In the case of Tiffany and Costco, the Court found that Costco counterfeited Tiffany’s mark and there were no extenuating circumstances. Therefore, treble damages were warranted and Tiffany was entitled to recover $11.1 million, three times Costco’s profits of $3.7 million, as well as its attorneys’ fees.
As an alternative to trebling damages, in a case involving the use of a counterfeit mark, the plaintiff may elect at any time before final judgment is rendered to recover statutory damages instead of actual damages and profits. Statutory damages can range from $1,000 to $200,000 per counterfeit mark, depending on what the court considers just, and if the use of the counterfeit mark was willful, then a court may award up to $2,000,000 per counterfeit mark. 15 U.S.C. 1117(c).
At the time of the Court’s opinion, Tiffany was entitled to collect $2,000,000 in statutory damages rather than the trebled profits of $11.1 million, if it had chosen to do so.
While punitive damages are not expressly discussed in the Lanham Act, they may be awarded in jurisdictions that allow punitive damages in tort cases. The purpose behind punitive damages is to punish the wrongdoer, deter the defendant and others from engaging in similar behavior in the future, and compensate the plaintiff for the cost of litigation.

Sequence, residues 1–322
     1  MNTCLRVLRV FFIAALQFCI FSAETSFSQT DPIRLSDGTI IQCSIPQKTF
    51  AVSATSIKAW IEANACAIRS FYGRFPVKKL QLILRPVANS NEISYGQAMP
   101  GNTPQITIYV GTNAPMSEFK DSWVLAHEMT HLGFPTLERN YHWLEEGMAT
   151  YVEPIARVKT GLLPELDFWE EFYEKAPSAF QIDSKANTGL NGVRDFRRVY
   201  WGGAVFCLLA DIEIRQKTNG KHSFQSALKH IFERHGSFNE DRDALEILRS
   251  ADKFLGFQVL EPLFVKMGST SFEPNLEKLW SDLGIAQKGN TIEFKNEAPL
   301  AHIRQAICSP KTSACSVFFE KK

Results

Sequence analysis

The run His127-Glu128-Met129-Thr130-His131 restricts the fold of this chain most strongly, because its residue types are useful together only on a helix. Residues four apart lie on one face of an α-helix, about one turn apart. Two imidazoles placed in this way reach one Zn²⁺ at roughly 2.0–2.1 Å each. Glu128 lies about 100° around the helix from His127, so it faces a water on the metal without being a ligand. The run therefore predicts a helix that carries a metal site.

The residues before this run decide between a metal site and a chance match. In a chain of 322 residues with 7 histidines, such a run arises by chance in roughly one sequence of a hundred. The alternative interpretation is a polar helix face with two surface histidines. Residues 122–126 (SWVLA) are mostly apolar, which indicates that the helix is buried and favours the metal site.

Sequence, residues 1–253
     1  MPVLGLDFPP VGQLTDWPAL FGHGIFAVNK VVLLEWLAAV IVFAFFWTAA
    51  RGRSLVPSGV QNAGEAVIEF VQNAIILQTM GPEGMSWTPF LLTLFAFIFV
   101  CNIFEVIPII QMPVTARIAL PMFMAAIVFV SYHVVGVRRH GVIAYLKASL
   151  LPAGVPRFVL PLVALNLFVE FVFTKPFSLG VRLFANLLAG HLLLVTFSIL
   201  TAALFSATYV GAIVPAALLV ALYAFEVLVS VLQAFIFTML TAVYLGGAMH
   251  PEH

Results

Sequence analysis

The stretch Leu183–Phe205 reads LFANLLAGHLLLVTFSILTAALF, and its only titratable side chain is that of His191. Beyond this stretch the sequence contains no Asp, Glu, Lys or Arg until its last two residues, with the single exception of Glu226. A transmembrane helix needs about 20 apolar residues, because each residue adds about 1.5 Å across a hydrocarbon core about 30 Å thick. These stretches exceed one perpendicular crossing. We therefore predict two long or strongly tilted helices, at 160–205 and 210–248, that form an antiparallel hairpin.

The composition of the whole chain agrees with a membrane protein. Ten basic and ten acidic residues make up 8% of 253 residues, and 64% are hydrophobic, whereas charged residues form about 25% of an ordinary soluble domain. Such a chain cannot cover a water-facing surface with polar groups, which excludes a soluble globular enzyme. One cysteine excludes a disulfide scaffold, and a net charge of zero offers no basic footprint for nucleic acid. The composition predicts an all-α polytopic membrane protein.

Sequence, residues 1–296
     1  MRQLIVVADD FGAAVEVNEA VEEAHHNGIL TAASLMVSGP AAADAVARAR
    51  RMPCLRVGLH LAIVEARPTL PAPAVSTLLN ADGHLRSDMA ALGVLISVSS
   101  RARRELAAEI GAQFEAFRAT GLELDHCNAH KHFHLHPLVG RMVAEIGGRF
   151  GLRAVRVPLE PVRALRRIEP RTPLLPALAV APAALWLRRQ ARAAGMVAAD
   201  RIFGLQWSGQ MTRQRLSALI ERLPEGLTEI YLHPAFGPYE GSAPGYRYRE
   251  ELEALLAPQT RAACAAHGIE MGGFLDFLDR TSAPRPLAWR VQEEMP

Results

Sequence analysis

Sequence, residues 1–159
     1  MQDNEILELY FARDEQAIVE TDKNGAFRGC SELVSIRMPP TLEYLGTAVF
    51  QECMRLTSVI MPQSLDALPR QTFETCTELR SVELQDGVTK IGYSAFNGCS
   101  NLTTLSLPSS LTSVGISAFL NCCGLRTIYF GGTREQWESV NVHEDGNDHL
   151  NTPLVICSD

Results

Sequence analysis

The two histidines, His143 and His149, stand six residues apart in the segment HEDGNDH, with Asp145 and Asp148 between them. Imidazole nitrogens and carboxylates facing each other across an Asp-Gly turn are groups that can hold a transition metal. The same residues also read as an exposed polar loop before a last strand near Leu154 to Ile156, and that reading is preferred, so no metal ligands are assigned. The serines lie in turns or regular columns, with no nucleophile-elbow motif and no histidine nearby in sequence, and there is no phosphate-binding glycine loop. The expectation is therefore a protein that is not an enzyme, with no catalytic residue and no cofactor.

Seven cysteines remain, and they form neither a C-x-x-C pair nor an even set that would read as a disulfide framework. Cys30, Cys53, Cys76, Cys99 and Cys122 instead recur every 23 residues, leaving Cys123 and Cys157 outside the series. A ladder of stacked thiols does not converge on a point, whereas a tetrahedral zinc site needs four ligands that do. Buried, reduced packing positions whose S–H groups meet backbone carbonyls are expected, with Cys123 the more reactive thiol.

In the Tiffany case, the Court found that Tiffany was entitled to punitive damages because Costco’s actions satisfied the “gross, wanton, or willful” standard required for awarding punitive damages under New York law. Tiffany was awarded $8.25 million in punitive damages, which the Court noted was not excessive in light of Costco’s billions of dollars of annual revenue.
Tiffany was also entitled to interest and may collect its attorneys’ fees and other costs, thereby likely pushing its total award to well over the $19.4 million mark.
While many trademark cases will not result in such a hefty award, the Lanham Act and common law certainly provide the means for a plaintiff to be substantially compensated.
If you need assistance in bringing or defending a trademark infringement or counterfeit claim, Astrachan Gunst Thomas, P.C. can help. Contact Jim Astrachan at 410-783-3550 (email@example.com) or Julia Bartels at 410-783-3533 (firstname.lastname@example.org).